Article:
People who want to become quant investors or traders often ask for advice on how to start. I began my learning journey ten years ago and now I have some opinions on the matter.

It is easy to put together a monster list of dozens of books but that kind of advice is counterproductive, more likely to intimidate than to help. A realistic reading list should have half a dozen entries but they should all be exceptional.

I prefer books written by practitioners over books by academics. Real life experience shines through these books and they give you practical wisdom as well as mathematical tools.

I put together a list aimed at readers who are comfortable with basic undergraduate math. A course in calculus and a course in linear algebra should be enough to get through any of these books.

  • Quant investing basics

    • Ernie Chan: Algorithmic Trading

      Ernie’s first book, Quantitative Trading, was a great, gentle introduction to quant trading but it has aged by now. Its replacement, Algorithmic Trading, is a fantastic introduction to the techniques and mindset of a quant. It contains plenty of code and example strategies for starting on the quant journey.

    • Andreas Clenow: Following the Trend

      If you ever wanted to know what a trend following system looks like, this book will answer your questions. Andreas does not only provide full rules for a simple system but he spends time on discussing the real challenge for investors: persisting with the system through a drawdown. A big section of the book follows the system performance through the 1990s and highlights the ups and downs that any systematic investor will have to come to terms with.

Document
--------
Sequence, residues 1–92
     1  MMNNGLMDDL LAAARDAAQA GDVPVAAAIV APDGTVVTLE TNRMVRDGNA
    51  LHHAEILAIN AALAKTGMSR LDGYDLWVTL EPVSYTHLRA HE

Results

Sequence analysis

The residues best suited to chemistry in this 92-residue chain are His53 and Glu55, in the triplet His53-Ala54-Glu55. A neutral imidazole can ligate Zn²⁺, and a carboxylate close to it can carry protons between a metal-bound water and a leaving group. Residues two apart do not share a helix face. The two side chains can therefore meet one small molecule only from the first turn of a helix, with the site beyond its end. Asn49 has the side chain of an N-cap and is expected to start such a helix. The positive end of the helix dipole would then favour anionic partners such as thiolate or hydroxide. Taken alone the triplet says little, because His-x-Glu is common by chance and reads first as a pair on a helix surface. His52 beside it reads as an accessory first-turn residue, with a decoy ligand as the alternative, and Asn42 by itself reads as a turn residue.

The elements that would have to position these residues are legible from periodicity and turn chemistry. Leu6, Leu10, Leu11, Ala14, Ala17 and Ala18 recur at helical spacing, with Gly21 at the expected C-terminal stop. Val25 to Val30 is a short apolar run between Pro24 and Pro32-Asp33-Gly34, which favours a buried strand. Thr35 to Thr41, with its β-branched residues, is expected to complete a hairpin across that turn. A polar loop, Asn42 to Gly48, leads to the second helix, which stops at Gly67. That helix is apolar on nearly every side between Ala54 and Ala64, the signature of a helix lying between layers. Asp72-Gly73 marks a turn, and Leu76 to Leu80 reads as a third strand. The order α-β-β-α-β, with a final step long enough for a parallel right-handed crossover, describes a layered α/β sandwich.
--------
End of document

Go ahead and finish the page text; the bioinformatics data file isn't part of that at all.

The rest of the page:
• Rob Carver: Systematic Trading

      Rob Carver was a portfolio manager running billions of dollars in fixed income quant strategies at Man Group in London. While he is a trend follower, his book teaches risk management and portfolio management techniques that will be useful to any investor, including discretionary traders (that is, non-quant traders).

  • Risk management

    • Aaron Brown: Red Blooded Risk

      Aaron Brown is a legend in the risk management industry. He was one of the early quants who entered finance in the 1980s and built the tools and approaches that we all use now. His book Red Blooded Risk is a revelation that completely changed how I think about investing. His main point is that risk is not something bad but rather it is a fuel that powers returns. Our goal is not to minimize risk but to optimize it: to build an engine that generates the highest returns for the risk that we’re taking.

  • Machine learning

    • Andrew Ng: Introduction to Machine Learning (Coursera)

      This course, originally offered at Stanford, is so good that it launched the whole MOOC online learning industry. I cannot think of a better introduction to machine learning.

    • James, Witten, Tibshirani, Hastie: Introduction to Statistical Learning

      If you’re going to get serious about machine learning, this is the book to set you up properly. It is amazing that in a fast moving field like machine learning, this book, written in 2014, has aged so well. The authors are statisticians who bring mathematical rigor to the field but they are great teachers as well.

  • Further reading

    My goal with this list is to be realistic. Going through these 5 books and 1 course will take months of work. There is no point in being distracted by more suggestions. I will have a follow up post about more advanced readings at some point in the future.